About the NOAA POES Instruments

The Space Environment Monitor (SEM) that is regularly flown on the NOAA POES (formerly TIROS) series of low-altitude (850 km), polar-orbiting (98 degree inclination) spacecraft contains two sets of instruments that monitor the energetic charged-particle environment near Earth. An upgraded SEM, called SEM-2, began operations with the launch of NOAA-15 and is currently the prime source of observations.

The Total Energy Detector (TED) in SEM-2 provides the data used to determine the level of auroral activity and generate the statistical maps presented on SWPC's 'POES Auroral Activity' website. This instrument monitors the energy fluxes carried into the atmosphere by electrons and positive ions over the energy range between 50 and 20,000 electron Volts (eV). Particles of these energies are stopped by the atmosphere of the Earth at altitudes above 100 km, producing aurora. The instrument design utilizes cylindrical, curved-plate electrostatic analyzers to select (by impressing a variable voltage between the analyzer plates) the species and energy of those particles that are permitted to reach the detector. Those particles that pass through the analyzer are counted, one by one, by the detector (a Channeltron open-windowed electron multiplier). Eight such detector systems are included in the SEM, four to monitor positive ions and four to monitor electrons. They are mounted in groups of four, one group viewing radially outward from Earth and the other viewing at 30 degrees to the first. Whenever the satellite is poleward of a geographic latitude of about 30 degrees, all eight detectors view the charged particles that will be guided by the geomagnetic field into the atmosphere below the satellite. A data processing unit at the satellite converts the Channeltron responses to measures of integrated power flux; these are telemetered to the ground station along with crude information about the energy distribution of the electrons and positive ions. Data processing on the ground combines observations from the eight instruments to obtain the total power flux carried into the atmosphere by these particles.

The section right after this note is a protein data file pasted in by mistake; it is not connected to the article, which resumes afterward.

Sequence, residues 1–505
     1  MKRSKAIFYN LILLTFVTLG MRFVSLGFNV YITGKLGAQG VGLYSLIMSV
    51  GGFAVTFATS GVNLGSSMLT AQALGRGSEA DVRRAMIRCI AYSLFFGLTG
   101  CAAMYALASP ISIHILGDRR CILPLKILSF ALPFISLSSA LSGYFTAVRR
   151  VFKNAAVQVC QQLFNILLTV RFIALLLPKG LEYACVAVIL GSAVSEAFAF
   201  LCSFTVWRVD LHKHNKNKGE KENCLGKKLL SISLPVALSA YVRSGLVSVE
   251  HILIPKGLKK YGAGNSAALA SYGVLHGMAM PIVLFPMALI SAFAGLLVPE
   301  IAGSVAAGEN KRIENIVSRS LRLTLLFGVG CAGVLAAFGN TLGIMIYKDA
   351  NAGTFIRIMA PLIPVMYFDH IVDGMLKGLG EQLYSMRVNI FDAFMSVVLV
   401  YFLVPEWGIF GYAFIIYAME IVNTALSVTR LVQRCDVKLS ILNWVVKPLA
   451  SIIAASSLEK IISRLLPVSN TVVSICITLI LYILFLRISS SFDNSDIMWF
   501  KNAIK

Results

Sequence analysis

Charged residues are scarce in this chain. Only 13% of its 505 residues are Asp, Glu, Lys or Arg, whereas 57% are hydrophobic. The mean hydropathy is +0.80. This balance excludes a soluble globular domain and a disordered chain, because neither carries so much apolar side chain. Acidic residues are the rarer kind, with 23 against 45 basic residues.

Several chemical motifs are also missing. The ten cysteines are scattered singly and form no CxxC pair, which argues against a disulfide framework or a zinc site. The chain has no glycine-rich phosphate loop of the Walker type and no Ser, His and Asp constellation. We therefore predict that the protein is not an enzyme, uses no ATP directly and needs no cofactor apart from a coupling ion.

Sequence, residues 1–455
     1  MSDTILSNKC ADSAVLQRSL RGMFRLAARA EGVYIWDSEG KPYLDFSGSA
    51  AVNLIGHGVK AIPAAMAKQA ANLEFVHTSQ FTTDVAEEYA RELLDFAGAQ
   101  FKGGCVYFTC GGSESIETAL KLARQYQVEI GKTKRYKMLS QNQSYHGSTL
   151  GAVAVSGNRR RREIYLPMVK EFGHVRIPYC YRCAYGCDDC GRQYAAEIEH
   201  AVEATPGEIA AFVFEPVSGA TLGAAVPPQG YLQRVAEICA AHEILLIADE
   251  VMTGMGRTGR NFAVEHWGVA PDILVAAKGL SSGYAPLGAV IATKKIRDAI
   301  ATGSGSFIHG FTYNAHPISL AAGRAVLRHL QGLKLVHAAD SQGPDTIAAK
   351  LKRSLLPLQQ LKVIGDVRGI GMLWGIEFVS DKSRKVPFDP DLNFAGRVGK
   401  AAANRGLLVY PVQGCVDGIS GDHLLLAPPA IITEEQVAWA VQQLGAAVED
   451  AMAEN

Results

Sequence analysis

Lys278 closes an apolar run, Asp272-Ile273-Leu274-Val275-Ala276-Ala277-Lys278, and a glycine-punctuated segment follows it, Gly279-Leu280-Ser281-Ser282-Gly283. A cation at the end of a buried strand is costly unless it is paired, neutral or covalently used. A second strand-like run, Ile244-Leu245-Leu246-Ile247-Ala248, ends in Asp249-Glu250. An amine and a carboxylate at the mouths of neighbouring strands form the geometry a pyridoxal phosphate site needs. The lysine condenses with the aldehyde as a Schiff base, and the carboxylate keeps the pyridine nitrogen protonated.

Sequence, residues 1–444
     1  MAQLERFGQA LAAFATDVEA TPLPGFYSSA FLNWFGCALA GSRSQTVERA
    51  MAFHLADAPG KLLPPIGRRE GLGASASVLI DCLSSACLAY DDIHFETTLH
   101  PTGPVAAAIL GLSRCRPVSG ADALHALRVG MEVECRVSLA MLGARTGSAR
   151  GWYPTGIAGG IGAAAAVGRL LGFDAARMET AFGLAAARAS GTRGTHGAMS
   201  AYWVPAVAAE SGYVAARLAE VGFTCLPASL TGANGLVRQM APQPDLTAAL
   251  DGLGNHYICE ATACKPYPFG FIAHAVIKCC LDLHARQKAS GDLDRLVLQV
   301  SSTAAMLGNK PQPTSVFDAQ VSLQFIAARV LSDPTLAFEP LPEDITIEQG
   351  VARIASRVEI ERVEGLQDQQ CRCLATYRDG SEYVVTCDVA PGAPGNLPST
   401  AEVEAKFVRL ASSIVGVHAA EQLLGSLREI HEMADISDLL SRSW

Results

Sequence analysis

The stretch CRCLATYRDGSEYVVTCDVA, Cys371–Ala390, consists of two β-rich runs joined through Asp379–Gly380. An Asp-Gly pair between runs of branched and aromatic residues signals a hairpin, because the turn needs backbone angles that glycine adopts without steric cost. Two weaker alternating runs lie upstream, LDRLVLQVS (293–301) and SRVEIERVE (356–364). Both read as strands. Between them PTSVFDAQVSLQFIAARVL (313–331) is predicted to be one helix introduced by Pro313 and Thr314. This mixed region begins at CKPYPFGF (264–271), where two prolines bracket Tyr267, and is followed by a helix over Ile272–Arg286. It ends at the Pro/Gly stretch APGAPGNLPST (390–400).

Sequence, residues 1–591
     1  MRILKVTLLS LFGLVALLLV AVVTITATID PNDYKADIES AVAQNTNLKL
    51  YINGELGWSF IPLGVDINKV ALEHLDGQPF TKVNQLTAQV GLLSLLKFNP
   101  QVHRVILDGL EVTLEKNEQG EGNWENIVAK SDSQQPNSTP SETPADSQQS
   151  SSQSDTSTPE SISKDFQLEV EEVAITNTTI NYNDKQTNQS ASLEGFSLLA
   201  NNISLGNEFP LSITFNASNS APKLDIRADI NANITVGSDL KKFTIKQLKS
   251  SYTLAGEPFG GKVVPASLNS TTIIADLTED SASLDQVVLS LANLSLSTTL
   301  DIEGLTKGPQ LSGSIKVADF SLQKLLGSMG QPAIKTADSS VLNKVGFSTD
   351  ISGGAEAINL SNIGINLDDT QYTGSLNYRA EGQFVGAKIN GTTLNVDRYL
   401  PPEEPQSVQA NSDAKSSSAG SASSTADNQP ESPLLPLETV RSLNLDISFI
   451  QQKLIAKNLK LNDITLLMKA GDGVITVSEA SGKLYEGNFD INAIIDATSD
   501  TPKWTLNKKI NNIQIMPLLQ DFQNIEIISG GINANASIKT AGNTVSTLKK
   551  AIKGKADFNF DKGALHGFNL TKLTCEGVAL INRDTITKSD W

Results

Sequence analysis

The second instrument in the second-generation SEM-2 is the Medium Energy Proton and Electron Detector (MEPED) which provides the measurements used to create the plots on SWPC's 'POES Energetic Particles' website. This instrument includes four solid-state detector telescopes, two to measure the intensity of electrons between 30 and 1000 keV and two to measure the intensity of protons (positive ions) between 30 and 6900 keV, as well as solid-state "dome" detectors that measure the intensities of protons between 16 MeV and 275 MeV.

The solid-state detector telescopes are mounted in pairs. One pair views radially outward from Earth to monitor particles that will enter the atmosphere in the polar regions; the other pair is mounted at nearly 90 degrees to the first to view charged particles that will "magnetically mirror" near the satellite. The field of view of each detector system is only 30 degrees so that the angular distribution of the particles may be determined. These detectors are designed to monitor the intensities of energetic particles in Earth's radiation belts and during solar particle events.

In addition, the MEPED contains "dome" detectors that have very large fields of view (nearly 180 degrees) and are mounted on the side of the spacecraft facing away from Earth to monitor particles incident upon the atmosphere. These detectors are designed to detect and monitor energetic solar particles that cause severe ionospheric disturbances--blackouts--during solar particle events.